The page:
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Unexpected illness forces Johnson & Johnson to pause Covid-19 vaccine trial


This news story was published on October 13, 2020.
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NEW BRUNSWICK, N.J. – Johnson & Johnson announced they have temporarily paused further dosing in all their COVID-19 vaccine candidate clinical trials, including the Phase 3 ENSEMBLE trial, due to an unexplained illness in a study participant. The participant’s illness is being reviewed and evaluated by the ENSEMBLE independent Data Safety Monitoring Board (DSMB) as well as an internal clinical and safety physicians.

Adverse events – illnesses, accidents, etc. – even those that are serious, are an expected part of any clinical study, especially large studies, Johnson & Johnson says. Based on a commitment to safety, all clinical studies conducted by the Janssen Pharmaceutical Companies of Johnson & Johnson have prespecified guidelines. These ensure our studies may be paused if an unexpected serious adverse event (SAE) that might be related to a vaccine or study drug is reported, so there can be a careful review of all of the medical information before deciding whether to restart the study.

SAEs are not uncommon in clinical trials, Johnson & Johnson says, and the number of SAEs can reasonably be expected to increase in trials involving large numbers of participants. Further, as many trials are placebo-controlled, it is not always immediately apparent whether a participant received a study treatment or a placebo.

Back in March as the Covid-19 pandemic began to ravage the United States, Johnson & Johnson announced the selection of a lead COVID-19 vaccine candidate from constructs it has been working on since January 2020; the significant expansion of the existing partnership between the Janssen Pharmaceutical Companies of Johnson & Johnson and the Biomedical Advanced Research and Development Authority (BARDA); and the rapid scaling of the Company’s manufacturing capacity with the goal of providing global supply of more than one billion doses of a vaccine. The Company said then that it expects to initiate human clinical studies of its lead vaccine candidate at the latest by September 2020 and anticipates the first batches of a COVID-19 vaccine could be available for emergency use authorization in early 2021, a substantially accelerated timeframe in comparison to the typical vaccine development process.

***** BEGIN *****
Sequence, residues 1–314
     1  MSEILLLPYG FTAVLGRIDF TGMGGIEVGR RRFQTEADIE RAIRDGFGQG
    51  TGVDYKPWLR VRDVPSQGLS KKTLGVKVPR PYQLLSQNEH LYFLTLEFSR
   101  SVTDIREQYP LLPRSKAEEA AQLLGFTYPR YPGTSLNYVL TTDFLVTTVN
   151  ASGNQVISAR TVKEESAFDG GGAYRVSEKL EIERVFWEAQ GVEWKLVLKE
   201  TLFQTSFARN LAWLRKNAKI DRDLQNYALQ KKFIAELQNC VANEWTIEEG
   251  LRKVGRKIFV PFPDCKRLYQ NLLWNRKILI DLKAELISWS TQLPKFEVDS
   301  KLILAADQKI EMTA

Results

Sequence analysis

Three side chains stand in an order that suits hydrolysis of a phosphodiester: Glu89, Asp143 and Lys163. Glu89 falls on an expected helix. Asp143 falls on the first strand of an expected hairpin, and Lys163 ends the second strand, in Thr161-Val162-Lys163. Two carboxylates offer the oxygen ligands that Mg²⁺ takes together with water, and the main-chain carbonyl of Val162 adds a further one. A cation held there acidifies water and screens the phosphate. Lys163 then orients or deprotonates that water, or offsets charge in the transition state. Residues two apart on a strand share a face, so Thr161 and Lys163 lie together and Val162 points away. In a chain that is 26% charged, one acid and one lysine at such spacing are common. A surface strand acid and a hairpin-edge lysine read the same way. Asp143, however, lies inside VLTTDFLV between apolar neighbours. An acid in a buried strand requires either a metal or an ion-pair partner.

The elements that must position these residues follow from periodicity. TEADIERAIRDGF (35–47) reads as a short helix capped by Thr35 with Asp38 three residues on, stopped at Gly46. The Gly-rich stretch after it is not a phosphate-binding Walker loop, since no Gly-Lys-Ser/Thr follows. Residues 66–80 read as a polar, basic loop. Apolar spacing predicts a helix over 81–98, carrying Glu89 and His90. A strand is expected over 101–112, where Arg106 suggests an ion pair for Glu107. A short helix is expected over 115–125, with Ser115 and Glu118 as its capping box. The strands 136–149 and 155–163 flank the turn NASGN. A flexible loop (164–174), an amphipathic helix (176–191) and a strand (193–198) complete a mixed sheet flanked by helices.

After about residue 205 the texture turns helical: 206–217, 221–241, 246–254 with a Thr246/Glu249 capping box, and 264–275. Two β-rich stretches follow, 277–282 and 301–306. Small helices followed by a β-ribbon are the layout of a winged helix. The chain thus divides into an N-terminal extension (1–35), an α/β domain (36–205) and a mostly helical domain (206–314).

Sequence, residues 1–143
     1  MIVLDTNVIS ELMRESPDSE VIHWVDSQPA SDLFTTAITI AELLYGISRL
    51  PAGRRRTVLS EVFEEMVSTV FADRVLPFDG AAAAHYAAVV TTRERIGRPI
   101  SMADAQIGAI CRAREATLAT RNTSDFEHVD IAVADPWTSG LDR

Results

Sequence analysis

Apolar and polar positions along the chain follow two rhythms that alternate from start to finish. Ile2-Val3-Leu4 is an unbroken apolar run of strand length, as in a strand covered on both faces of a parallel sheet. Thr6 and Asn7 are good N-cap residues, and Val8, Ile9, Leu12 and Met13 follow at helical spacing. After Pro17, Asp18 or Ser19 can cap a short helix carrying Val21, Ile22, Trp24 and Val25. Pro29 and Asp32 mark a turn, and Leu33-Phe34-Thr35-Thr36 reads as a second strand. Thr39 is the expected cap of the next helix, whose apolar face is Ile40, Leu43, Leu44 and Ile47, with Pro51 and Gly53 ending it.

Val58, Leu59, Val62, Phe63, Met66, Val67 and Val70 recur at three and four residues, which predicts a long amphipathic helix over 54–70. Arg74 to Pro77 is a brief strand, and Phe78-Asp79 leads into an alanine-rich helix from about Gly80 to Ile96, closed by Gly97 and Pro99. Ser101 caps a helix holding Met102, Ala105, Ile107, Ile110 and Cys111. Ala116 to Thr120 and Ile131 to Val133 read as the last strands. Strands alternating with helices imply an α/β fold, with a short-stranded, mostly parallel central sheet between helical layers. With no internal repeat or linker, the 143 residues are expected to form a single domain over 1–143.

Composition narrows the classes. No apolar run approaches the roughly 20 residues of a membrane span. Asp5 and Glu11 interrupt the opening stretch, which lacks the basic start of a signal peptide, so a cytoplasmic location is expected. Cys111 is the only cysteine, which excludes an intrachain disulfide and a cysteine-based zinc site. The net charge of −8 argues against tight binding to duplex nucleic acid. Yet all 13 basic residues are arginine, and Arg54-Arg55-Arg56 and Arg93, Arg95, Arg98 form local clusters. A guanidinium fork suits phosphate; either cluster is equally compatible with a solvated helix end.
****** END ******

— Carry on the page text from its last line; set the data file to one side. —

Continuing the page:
President Donald Trump has long touted that a vaccine was “right around the corner” and that Covid-19 would simply “disappear one day.”

To date, well over 200,000 Americans have died from Covid-19 and many thousands more are expected to die by the end of the year.

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3 Responses to Unexpected illness forces Johnson & Johnson to pause Covid-19 vaccine trial

  1. Avatar

    mint Reply Report comment

    October 17, 2020 at 3:42 am

    Ha–ha enjoy your nanotechnology transhumanism remotely controlled body, ignorant herd

    • Avatar

      Anonymous Reply Report comment

      October 17, 2020 at 5:32 am

      mint…could you do me a favor? I suspect I might agree with you, but you’re going to have to ‘dumb-down’ your posts for me to get it.

  2. Avatar

    Anonymous Reply Report comment

    October 13, 2020 at 9:21 am

    I hope the participant gets well soon and that the process can begin again soon. However, I will NOT rush to get any new vaccine until I know enough testing and time prove it’s safeness and effectiveness.

    Kudos (big thank you!) to those brave enough to be guinea pigs for these trials, without them vaccines wouldn’t come into fruition.